2019 Medicare Changes Have Been Announced
If you're a senior retiree then no doubt you anxiously await the latest news each year from CMS, the Center for Medicare and Medicaid Services, as they announce the changes for the upcoming year. The changes to take effect in 2019 have just been announced, and there is good news and bad news.
The good news is that Social Security recipients can expect to get....are you ready?
Da da da da da (drum roll)
This year your cost of living increase rolls in at 2.9%!
Not the greatest, but is, however more than retirees got last year.
What's the bad news?
In 2019, if you are affluent, you'll pay more than you might like.
Just Exactly What IS "our fair share?"
Ever since I've paid attention to politicians I've heard it proclaimed that the rich need to pay "their fair share!" Nobody has ever explained to me exactly how much that is. Only in America...could the rich people- who pay 86% of all income taxes - be accused of not paying their "fair share", by people who don't pay any income taxes at all.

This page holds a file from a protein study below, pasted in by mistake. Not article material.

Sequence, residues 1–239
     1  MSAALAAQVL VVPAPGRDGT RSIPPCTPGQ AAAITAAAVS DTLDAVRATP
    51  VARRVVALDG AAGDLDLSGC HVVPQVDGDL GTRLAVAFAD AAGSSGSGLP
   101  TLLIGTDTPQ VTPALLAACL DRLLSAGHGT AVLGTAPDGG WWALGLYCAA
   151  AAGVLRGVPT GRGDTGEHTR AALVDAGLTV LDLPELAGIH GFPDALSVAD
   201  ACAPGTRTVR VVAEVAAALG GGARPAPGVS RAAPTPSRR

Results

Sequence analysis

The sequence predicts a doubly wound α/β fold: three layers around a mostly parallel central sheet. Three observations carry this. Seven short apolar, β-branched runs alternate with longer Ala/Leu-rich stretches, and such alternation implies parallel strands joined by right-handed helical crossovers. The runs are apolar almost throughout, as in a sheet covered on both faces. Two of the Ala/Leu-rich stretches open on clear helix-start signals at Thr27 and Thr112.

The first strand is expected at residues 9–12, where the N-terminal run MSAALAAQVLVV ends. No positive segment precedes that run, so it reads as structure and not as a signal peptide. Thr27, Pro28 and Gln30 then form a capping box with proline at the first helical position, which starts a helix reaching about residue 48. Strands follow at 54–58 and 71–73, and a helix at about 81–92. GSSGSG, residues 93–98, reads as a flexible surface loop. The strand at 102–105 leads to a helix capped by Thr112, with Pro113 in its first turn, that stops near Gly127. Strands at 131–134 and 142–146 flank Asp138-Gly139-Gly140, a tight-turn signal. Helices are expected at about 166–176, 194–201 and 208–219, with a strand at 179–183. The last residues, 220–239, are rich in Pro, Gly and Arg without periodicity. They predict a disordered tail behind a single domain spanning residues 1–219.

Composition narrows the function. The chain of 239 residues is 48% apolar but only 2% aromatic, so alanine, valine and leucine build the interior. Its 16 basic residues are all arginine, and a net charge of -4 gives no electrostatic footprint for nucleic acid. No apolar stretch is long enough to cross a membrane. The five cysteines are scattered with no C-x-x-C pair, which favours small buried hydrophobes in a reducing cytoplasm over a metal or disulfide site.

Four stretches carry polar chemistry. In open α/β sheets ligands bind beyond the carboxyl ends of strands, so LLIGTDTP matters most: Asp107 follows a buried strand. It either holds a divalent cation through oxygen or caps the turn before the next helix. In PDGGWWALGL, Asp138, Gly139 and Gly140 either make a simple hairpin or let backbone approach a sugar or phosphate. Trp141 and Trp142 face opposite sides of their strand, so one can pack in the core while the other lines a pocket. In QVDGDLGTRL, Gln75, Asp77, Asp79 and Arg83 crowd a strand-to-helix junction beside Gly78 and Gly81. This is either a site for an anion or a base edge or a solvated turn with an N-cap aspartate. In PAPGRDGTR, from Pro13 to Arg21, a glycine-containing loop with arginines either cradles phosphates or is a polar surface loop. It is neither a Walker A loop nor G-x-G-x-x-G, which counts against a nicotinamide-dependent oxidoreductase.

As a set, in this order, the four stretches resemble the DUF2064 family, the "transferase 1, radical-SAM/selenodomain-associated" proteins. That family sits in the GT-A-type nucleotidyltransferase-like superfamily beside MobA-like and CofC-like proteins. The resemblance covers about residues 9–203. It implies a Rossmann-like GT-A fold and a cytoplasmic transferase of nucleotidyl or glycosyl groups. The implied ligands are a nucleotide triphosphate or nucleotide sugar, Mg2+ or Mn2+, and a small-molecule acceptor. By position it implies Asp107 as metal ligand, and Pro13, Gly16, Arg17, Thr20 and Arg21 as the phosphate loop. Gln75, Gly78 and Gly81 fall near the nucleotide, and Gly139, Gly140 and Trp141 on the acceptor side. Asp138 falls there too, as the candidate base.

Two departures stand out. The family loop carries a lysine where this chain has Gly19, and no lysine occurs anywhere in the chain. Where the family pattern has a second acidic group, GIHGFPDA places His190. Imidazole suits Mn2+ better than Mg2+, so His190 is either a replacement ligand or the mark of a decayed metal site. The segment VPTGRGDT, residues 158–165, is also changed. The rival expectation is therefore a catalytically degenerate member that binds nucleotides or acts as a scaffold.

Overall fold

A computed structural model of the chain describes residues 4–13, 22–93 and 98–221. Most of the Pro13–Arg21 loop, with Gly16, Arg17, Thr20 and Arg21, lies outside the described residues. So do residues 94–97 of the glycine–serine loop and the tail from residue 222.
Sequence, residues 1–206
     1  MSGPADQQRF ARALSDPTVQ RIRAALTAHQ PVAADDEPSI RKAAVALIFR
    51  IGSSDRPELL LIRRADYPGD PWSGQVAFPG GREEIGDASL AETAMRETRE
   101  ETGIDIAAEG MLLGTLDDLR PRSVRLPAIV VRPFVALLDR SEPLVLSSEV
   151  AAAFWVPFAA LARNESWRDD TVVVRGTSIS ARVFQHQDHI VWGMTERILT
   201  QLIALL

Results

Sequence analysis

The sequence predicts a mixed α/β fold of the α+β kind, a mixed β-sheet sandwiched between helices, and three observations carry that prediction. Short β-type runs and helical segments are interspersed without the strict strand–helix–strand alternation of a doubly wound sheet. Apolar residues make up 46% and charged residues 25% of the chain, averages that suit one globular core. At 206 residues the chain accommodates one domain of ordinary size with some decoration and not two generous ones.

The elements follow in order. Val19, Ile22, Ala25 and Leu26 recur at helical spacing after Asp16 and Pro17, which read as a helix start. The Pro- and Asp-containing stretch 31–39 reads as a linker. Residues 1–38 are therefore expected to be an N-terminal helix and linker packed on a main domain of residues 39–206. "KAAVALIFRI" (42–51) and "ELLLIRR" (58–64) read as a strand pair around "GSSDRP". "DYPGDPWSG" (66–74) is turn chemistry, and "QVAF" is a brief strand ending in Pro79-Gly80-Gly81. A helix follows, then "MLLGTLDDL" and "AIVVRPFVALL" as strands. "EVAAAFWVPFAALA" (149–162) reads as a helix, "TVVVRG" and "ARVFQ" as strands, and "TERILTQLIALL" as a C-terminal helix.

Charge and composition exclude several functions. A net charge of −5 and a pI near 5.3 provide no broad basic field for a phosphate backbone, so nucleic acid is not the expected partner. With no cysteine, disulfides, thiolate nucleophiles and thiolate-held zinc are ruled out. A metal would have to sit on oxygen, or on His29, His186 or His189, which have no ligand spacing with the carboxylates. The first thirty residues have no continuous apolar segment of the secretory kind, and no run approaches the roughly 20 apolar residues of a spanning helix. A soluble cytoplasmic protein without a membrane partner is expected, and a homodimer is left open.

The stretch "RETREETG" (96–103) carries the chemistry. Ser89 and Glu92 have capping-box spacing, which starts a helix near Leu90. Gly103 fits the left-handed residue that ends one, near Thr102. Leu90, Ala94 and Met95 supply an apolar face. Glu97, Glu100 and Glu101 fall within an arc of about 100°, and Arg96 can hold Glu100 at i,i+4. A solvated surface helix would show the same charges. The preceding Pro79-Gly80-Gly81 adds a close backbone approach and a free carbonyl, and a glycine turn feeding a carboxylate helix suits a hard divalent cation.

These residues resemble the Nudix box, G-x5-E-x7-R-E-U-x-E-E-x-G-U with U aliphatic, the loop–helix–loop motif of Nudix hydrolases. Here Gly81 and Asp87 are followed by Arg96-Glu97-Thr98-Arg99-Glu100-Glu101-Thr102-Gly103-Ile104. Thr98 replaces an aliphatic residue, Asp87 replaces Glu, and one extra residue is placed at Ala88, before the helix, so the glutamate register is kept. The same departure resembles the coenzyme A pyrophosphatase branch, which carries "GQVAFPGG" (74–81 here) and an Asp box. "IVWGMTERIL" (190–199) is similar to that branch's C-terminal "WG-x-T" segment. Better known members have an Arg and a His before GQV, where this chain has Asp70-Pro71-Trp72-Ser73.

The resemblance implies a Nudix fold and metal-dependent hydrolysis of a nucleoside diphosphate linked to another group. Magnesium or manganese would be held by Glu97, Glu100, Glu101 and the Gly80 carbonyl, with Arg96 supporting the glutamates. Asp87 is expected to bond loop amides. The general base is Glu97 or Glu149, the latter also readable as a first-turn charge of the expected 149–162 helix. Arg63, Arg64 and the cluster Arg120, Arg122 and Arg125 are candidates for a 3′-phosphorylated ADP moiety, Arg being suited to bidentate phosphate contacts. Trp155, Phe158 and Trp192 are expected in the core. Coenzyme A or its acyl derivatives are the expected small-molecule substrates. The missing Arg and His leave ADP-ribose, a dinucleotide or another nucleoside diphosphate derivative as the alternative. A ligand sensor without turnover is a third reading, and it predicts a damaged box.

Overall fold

If you're a senior living on a fixed income the joke's on you. Part B premiums may be upwards of $10,000 for some couples in 2018.
The majority of recipients will be somewhat protected by something called the "hold harmless rule." Implemented in 1987, it was designed to keep retirees net checks from diminishing. The rule states that if you have your Part B premiums deducted from your Social Security check, the premium cannot go up in a given year by more than the extra dollars that you are receiving as a cost of living adjustment. (Does that strike anyone other than me as funny?)
No such protection exists for those folks who are considered high income, or are new to Medicare in 2018.
Here's a couple of examples:
Bob White is a widower. His annual income is $88,000. Bob will incur an "Income-Related Surcharge" of $53.50 making his Part B payment $187.50 a month.
Jack and Jill Hill will have an Adjusted Gross Income of $433,000. They will have an income surcharge of $267.90 added, which will bring their combined Part B premium to almost $6,500 a year!
There is much speculation on whether things will change under a Trump administration. I wouldn't get my hopes up. As the very large group of baby-boomers retires, the entire system will come under more and more strain. As much as we don't want to believe it, there "ain't no free lunch." We should expect Medicare and Long-Term Care costs to continue to rise.
See also Medicare Supplements
Until next time,
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